image via RenewRedo

You can consider this a cool, steampunk variation on the flowerpots. All it takes is a 15 gallon wash pail, a few bricks and Duraflame logs. It’s another wonderful option for outdoor evening parties or special event.  Details found here.

Cost: <$20 each
Time: Less than an hour.
Difficulty: 2/10

 

6. Adirondack Fire Bowl Table

Very attractive adirondack fire bowl table surrounded by matching adirondack chairs, perfect for decks.

image via Interior Frugalista

If you can’t use any of the backyard fire pit ideas, here is a terrific table-based version. It starts with a fire bowl, encased in a DIY stylish Adirondack table. Using simple lumber fence boards, form a hexagonal shape and screw together the joints. Stain, add fire bowl, and send the party invites. You can plan on using this one quite often! See the tutorial at Interior Frugalista.

Cost: <$100
Time: A few hours
Difficulty: 4/10

 

7. Cast Concrete Bowl Fire Pit

Create a majestic, mesmerizing feature for your backyard with this case concrete bowl fire pit.

image via ManMadeDIY

Make an Olympic-flame-like centerpiece for any event. This one requires a little more skill in execution. But for a showpiece bit of fireproof modern art, it’s worth it. All you need are a good-sized bowl for shaping the mold, concrete, and a bit of patience.  See more details here.

Cost: <$50
Time: A few hours, plus time for the concrete to set
Difficulty: 5/10

 

8. Full Concrete Fire Feature

Take the previous cast concrete pit idea to the next level with this full square concrete form.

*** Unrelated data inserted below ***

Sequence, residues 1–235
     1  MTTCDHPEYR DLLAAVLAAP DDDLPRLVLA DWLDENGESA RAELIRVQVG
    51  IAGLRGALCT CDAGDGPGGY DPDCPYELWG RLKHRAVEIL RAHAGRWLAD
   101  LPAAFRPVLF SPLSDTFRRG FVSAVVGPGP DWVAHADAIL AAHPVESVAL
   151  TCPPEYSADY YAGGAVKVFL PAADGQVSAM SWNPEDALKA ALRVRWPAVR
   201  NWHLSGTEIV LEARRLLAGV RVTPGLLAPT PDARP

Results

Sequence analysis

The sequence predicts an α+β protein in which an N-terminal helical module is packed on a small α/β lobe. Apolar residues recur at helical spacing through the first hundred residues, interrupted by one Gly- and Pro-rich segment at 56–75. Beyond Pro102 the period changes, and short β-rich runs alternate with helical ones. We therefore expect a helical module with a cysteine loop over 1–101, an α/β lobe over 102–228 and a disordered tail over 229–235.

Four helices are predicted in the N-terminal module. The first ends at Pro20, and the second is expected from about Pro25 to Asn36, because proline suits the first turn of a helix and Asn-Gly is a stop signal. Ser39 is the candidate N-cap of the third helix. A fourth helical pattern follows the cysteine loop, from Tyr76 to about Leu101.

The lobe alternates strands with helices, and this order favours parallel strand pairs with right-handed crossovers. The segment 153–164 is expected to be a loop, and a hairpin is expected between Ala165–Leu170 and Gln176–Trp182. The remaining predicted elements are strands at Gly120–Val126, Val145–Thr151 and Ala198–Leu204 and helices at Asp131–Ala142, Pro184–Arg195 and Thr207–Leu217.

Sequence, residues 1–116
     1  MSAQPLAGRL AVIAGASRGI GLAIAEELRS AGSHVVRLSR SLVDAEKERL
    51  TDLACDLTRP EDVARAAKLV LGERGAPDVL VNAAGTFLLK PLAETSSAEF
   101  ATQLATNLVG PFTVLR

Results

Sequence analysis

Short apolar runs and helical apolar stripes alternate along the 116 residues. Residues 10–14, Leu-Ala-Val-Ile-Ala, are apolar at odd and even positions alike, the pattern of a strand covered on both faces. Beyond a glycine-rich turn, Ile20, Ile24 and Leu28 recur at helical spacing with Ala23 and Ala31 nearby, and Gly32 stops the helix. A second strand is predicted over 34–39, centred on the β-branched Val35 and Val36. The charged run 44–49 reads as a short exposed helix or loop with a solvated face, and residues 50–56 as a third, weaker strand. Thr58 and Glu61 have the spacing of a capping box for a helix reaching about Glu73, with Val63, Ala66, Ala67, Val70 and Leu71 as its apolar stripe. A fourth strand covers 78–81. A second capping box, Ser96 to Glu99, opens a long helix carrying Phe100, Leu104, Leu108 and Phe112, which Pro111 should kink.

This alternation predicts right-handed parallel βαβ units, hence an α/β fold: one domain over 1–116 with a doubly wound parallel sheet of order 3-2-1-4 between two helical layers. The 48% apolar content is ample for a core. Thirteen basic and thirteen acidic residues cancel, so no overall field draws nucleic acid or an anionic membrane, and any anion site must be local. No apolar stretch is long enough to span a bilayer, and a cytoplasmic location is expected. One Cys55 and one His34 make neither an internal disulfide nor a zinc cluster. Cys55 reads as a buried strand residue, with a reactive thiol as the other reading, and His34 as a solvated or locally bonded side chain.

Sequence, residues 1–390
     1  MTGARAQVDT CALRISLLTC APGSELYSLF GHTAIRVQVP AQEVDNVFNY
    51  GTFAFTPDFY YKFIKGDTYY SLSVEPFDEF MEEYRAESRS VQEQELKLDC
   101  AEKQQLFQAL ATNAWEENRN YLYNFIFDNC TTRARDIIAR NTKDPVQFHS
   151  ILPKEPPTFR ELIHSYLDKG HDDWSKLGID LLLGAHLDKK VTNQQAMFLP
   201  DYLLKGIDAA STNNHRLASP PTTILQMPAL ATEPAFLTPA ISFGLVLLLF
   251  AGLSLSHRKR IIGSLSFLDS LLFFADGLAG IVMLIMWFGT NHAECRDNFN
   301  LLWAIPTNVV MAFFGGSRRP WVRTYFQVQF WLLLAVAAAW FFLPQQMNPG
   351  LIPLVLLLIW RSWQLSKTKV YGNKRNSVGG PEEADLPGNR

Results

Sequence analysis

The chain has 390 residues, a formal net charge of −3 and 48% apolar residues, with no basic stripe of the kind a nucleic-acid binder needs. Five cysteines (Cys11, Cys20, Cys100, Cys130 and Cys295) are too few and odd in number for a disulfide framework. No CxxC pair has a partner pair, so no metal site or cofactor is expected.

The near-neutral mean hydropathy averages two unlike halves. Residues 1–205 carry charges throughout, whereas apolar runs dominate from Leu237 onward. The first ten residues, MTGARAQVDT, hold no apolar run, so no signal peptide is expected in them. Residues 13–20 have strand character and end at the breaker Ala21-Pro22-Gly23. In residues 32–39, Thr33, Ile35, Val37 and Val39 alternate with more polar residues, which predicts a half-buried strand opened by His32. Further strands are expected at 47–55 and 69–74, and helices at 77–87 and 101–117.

image via DIY Network

So you’ve got your cast concrete or metal fire pit bowl, and you want to take it a step further. Or you discovered you just really love to pour concrete (who doesn’t?). With a few wood boards you can build an entire square concrete form to house your boss bowl.  Add some gravel at the bottom and decorative rocks around the bowl and you’ve got an amazing feature that will last for years.

Cost: $200
Time: A few hours, plus time for the concrete to set
Difficulty: 6/10

 

9. Concrete Block or Stone Fire Pit

Build this stone fire pit to the size of your liking with no mortar required!

image via Thrifty Little Mom

You have your pick of colors if you choose to buy concrete retaining wall blocks.  You might be able to find large, flat stones for free at a quarry, a river or on your property if you’re lucky. Then build the pit around a steel or concrete bowl. There’s no mortar required – the trick is stacking the blocks correctly. Depending on the size you want, anywhere from 30-80 blocks will do the job. Find the details here.

Cost: <$100
Time: A few hours
Difficulty: 5/10

 

10. Rock Fire Pit

Go with a more rustic, natural look by using rocks that you may have available on your property.

image via Spoonful of Imagination

Here’s what possible if you are lucky enough to have free rocks on your property! This fire pit cost absolutely nothing but a little time. This is probably as close as we will ever get to how the first hearths were built – fitting and stacking available rocks to make a secure container, then simply burning any layer of grass away with the first fire. Learn how here.

Cost: Free
Time: A few hours
Difficulty: 2/10

 

11. Concrete Tree Ring Fire Pit

This DIY fire pit using concrete tree rings makes for a easy way to build a very functional yard feature.

image via Instructables

Essentially a variation on the concrete block theme, incorporating the circles that are used for flower beds at the bottom of trees as your base cuts down even further on time, cost and difficulty.  The only other things you will need are a grill or equivalent to actually insert in the rings, and some gravel or decorative rock. Click here to find out how.

Cost: <$100
Time: A few hours
Difficulty: 4/10

 

12. Brick Fire Pit

If you're looking for a more permanent fire pit that is solid and low maintenance, consider this mortared in brick fire pit.

image via Family Handyman